raised on a splayed foot, the steeply rounded sides incurving towards the wide mouth, covered overall in an ivory-colored glaze cut away leaving a broad chevron register enclosing demi-florettes alternating with foliate petals, with a narrow band of overlapping petals above, between single line borders, the footrim unglazed and burnt reddish-brown in the firing, lacquered wood cover, two Japanese wood boxes (6).
Provenance: Hirano Koto-ken, Tokyo, circa 1960.
Sotheby's London, 14th July 1981, lot 78.
Exhibited: Chūgoku Kotōji Tō-Sō Meitoten [Chinese ceramics. The exhibition of Tang-Song masterworks], Japan Ceramic Society, Tokyo, 1964, cat. no. 192.
Chūgoku Kohijutsu-ten [Exhibition of Classical Chinese Works], Fukuoka-Tamaya Department Store, 1975, cat. no. 5.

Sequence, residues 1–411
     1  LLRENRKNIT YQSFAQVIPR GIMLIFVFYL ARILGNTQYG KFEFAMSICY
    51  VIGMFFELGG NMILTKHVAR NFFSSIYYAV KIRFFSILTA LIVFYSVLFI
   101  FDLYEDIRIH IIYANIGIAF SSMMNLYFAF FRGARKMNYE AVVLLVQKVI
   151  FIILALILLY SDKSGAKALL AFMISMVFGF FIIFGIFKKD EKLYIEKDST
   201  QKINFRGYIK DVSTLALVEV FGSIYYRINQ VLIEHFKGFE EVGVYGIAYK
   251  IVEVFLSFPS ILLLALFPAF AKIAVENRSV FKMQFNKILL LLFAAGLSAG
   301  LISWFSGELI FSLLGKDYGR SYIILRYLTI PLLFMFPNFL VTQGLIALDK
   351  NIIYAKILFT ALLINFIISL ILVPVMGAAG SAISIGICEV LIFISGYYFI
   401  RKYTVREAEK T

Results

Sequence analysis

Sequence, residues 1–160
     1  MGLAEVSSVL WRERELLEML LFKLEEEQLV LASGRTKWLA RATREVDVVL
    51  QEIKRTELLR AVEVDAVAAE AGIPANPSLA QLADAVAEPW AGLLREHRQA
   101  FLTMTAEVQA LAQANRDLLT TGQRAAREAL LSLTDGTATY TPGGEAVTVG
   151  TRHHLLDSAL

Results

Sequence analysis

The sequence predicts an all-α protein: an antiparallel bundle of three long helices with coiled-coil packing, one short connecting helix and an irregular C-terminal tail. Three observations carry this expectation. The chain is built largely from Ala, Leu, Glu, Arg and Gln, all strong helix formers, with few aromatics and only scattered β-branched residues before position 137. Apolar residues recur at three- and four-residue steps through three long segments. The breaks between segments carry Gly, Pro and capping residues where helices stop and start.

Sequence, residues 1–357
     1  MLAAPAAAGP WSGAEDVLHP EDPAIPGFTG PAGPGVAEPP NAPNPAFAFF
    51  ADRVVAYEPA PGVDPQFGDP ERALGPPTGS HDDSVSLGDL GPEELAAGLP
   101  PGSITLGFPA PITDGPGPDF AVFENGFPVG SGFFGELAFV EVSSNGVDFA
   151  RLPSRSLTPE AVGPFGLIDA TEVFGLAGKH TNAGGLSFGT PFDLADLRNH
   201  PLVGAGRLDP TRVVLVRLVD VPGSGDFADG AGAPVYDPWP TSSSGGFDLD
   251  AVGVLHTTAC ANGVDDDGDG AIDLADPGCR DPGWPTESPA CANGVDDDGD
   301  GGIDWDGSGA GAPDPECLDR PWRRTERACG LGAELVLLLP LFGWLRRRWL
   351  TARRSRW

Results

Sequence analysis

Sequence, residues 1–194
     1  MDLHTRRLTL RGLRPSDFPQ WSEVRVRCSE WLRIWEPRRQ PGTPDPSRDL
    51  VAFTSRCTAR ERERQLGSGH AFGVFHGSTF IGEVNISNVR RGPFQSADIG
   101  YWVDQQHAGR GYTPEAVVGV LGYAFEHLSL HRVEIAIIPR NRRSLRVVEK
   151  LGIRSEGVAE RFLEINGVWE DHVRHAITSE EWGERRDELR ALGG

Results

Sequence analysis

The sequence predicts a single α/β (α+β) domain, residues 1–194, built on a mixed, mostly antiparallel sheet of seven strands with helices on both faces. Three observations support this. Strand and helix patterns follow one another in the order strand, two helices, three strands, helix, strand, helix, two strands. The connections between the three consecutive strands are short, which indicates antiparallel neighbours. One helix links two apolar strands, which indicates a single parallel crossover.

Literature: Fujio Kayoma et al (eds.), Sekai Toji Zenshu So Ryo [Collection of world's ceramics. Song and Liao], vol. 10, Tokyo, 1961, pl. 118.
Note: Deep rounded bowls, such as the present example, are one of the most iconic forms produced at the Cizhou kilns during the Northern Song and Jin periods. Several bowls of this form were excavated from the Guantai kilns, Cixian, Hebei province, and the form is found applied with a plain white glaze and with a variety of sgraffiato techniques, including incised designs on a wave ground, designs painted and incised through a dark slip and designs both incised and cut away, as with the current example. Four Cizhou bowls of this form decorated in different techniques are illustrated in Mayuyama, Seventy Years, Tokyo, 1976, pls 548-551.